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The Guiana Space Center is preparing for the first launch of Europe’s Ariane 6 rocket. Spaceport staff rolled the Ariane 6 mobile gantry out to its prelaunch position over the launchpad in July and December. The gantry, used to transport the rocket, weighs 8,200 tons and stands 90 meters high. Four lightning rods have been placed around the launchpad to protect the Ariane 6 rocket. Arianespace plans to conduct the maiden flight of Ariane 6 in the fourth quarter of this year. [ESA]
Bulgarian satellite operator Bulgaria Sat expects 2020 will be the company’s first year without an operating loss. Bulgaria Sat launched its first and only satellite, BulgariaSat-1, in 2017 on a SpaceX Falcon 9 rocket. The company has sold 15% of the capacity on the communications satellite, an amount Bulgaria Sat CEO Maxim Zayakov said is enough to break even. Zayakov said BulgariaSat-1 has enough fuel to operate for 21 years thanks to a better than expected launch. The U.S. Export-Import Bank financed the majority of the $235 million BulgariaSat-1 program. [SeeNews]
A British laboratory will observe the docking of Northrop Grumman’s satellite servicer with an Intelsat spacecraft later this month to gain new understandings in space situational awareness. The Defence Science and Technology Laboratory will use ground-based telescopes and space-based sensors to track the docking for a study called Phantom Echos. Representatives from Australia, Canada, New Zealand, the U.K. and the U.S. will participate in the study. Northrop Grumman’s Mission Extension Vehicle 1 will dock with Intelsat-901 in a graveyard orbit 300 kilometers above the geosynchronous arc. Once connected, MEV-1 will maneuver both spacecraft as a single entity, extending the life of Intelsat-901. [DSTL]
Australia’s National Broadband Network is mulling a formal disaster response satellite service in the wake of the country’s bush fires. NBN Co., which has 23 sites using free Wi-Fi from its twin Sky Muster satellites, said it will begin testing the formal service later this month. The formal disaster service includes a satellite dish, Wi-Fi access and an emergency power supply. [ITNews]
Intelsat is the mystery customer of a Maxar commercial GEO satellite order announced last year. Maxar said Monday that the order, which the company announced last year without identifying the customer, is for the Intelsat-40e satellite, which will provide high-throughput coverage of North America and Central America. Intelsat said the satellite is an expansion of the company’s fleet and not a replacement for Intelsat-29e, a three-year-old satellite that failed in April. The satellite will also include a NASA hosted payload, Tropospheric Emissions: Monitoring of Pollution (TEMPO). [SpaceNews]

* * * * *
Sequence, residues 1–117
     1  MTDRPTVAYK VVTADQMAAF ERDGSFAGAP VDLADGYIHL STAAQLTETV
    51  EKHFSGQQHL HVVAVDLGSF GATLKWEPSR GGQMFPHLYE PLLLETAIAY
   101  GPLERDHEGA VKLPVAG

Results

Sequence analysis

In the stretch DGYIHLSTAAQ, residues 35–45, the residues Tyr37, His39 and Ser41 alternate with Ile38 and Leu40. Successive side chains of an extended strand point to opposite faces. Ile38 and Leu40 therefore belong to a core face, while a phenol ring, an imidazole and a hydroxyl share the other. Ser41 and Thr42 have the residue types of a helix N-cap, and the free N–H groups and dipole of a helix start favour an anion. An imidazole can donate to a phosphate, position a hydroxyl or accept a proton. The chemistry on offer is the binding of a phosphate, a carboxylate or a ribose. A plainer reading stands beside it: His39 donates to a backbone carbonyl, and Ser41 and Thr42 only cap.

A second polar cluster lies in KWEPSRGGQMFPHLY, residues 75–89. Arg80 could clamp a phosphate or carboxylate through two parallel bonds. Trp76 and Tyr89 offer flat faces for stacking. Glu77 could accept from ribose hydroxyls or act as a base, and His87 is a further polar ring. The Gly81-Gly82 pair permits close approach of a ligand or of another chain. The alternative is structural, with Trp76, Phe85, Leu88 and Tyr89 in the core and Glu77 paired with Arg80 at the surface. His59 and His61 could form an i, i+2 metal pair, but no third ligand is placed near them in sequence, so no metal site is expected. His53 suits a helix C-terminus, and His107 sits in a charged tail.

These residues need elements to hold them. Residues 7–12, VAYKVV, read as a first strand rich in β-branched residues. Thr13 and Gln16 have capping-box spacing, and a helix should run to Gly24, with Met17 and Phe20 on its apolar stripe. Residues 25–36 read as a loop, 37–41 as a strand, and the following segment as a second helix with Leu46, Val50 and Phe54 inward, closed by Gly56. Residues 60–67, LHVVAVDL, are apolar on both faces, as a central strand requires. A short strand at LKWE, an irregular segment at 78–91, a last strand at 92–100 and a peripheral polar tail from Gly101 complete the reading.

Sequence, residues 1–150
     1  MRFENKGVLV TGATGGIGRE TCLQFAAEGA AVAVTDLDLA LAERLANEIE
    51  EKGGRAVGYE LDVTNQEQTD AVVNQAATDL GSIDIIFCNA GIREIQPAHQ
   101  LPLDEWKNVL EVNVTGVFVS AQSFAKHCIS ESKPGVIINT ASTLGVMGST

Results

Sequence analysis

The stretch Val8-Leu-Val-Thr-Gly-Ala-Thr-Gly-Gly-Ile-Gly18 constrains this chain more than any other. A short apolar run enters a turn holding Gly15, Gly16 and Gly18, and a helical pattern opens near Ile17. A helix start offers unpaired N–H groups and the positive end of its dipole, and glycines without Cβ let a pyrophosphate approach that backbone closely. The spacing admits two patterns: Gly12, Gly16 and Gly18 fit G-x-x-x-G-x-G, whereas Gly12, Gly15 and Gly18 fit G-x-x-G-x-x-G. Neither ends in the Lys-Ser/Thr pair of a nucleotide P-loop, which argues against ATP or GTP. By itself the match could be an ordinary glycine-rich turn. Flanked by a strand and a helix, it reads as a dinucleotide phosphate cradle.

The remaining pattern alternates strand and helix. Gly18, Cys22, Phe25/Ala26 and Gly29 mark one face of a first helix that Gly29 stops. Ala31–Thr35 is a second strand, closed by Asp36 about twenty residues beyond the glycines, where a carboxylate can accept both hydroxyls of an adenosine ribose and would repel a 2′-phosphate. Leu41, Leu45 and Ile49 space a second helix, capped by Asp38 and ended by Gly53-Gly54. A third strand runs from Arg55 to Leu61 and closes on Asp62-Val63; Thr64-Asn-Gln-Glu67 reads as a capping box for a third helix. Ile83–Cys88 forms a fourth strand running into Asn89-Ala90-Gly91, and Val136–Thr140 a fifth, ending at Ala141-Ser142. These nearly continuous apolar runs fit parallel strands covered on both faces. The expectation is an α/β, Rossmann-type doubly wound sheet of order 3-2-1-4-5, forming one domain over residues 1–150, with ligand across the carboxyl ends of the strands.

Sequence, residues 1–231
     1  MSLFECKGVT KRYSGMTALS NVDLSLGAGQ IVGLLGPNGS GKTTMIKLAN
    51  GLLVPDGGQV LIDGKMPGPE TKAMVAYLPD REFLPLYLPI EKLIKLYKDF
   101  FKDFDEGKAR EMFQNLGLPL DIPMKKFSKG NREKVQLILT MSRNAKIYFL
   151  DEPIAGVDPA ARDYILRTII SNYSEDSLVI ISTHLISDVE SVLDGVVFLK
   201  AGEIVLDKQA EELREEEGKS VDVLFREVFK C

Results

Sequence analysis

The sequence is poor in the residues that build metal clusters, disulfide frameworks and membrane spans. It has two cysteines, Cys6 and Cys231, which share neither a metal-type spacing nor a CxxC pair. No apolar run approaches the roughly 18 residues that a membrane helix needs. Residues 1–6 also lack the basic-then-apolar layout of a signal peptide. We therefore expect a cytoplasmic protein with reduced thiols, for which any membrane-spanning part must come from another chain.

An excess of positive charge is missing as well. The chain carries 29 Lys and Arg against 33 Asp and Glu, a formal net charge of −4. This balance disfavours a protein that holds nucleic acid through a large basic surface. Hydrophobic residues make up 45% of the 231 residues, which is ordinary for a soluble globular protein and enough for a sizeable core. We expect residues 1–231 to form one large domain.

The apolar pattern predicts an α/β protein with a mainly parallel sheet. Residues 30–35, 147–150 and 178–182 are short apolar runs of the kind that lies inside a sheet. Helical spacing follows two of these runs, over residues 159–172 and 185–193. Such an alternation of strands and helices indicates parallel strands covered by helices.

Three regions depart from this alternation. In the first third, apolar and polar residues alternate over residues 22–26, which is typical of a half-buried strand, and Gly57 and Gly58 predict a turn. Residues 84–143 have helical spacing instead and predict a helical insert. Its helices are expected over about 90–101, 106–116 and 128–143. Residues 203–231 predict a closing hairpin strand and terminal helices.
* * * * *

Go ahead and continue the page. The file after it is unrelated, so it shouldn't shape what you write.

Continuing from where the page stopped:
Leidos said Jan. 31 it completed its $1.65 billion acquisition of Dynetics. Leidos used cash on hand and $1.25 billion of short-term borrowing capacity to finance the purchase, announced in December. Space solutions and hypersonics comprise about 25% of Dynetics’ revenue. Dynetics will function as a wholly owned subsidiary of Leidos. [Leidos]
A French smallsat company has raised more than $100 million to deploy an Internet of Things constellation. Kinéis raised 100 million euros ($110 million) from a mix of public and private investors to fully fund the development of a constellation of 25 16U cubesats to provide IoT connectivity services, along with tracking ships using a secondary Automatic Identification System payload. The company plans to launch its satellites in groups of five during the second half of 2022, with service starting early in 2023. Kinéis spun out last year from Collecte Localisation Satellites (CLS), a French maritime and environmental monitoring company. [SpaceNews]
Jeff Bezos has sold $1.8 billion in stock, perhaps for funding Blue Origin. Regulatory filings show that Bezos, the founder of Amazon.com, sold more than 900,000 shares of that company’s stock over the last several days, generating $1.84 billion in cash. Bezos has previously said he provides his space company, Blue Origin, with $1 billion a year to fund its activities. Bezos conducted similar sales of stock in 2019 and 2017. [CNBC]
Radio-frequency signal mapping startup Kleos Space will ship its first four satellites to India on Feb. 10 to launch on the Indian Space Research Organisation’s next PSLV launch. Kleos Space said the launch was originally planned for December, but slipped for reasons unrelated to the company. Kleos Space did not give a launch date for the mission, designated PSLV C49. “[W]e will be working hard to get the satellites operational and generating revenues as quickly as possible,” Kleos Space chief executive officer Andy Bowyer said in a statement. [CSO]
SpaceNews Senior Staff Writer Jeff Foust contributed to this newsletter.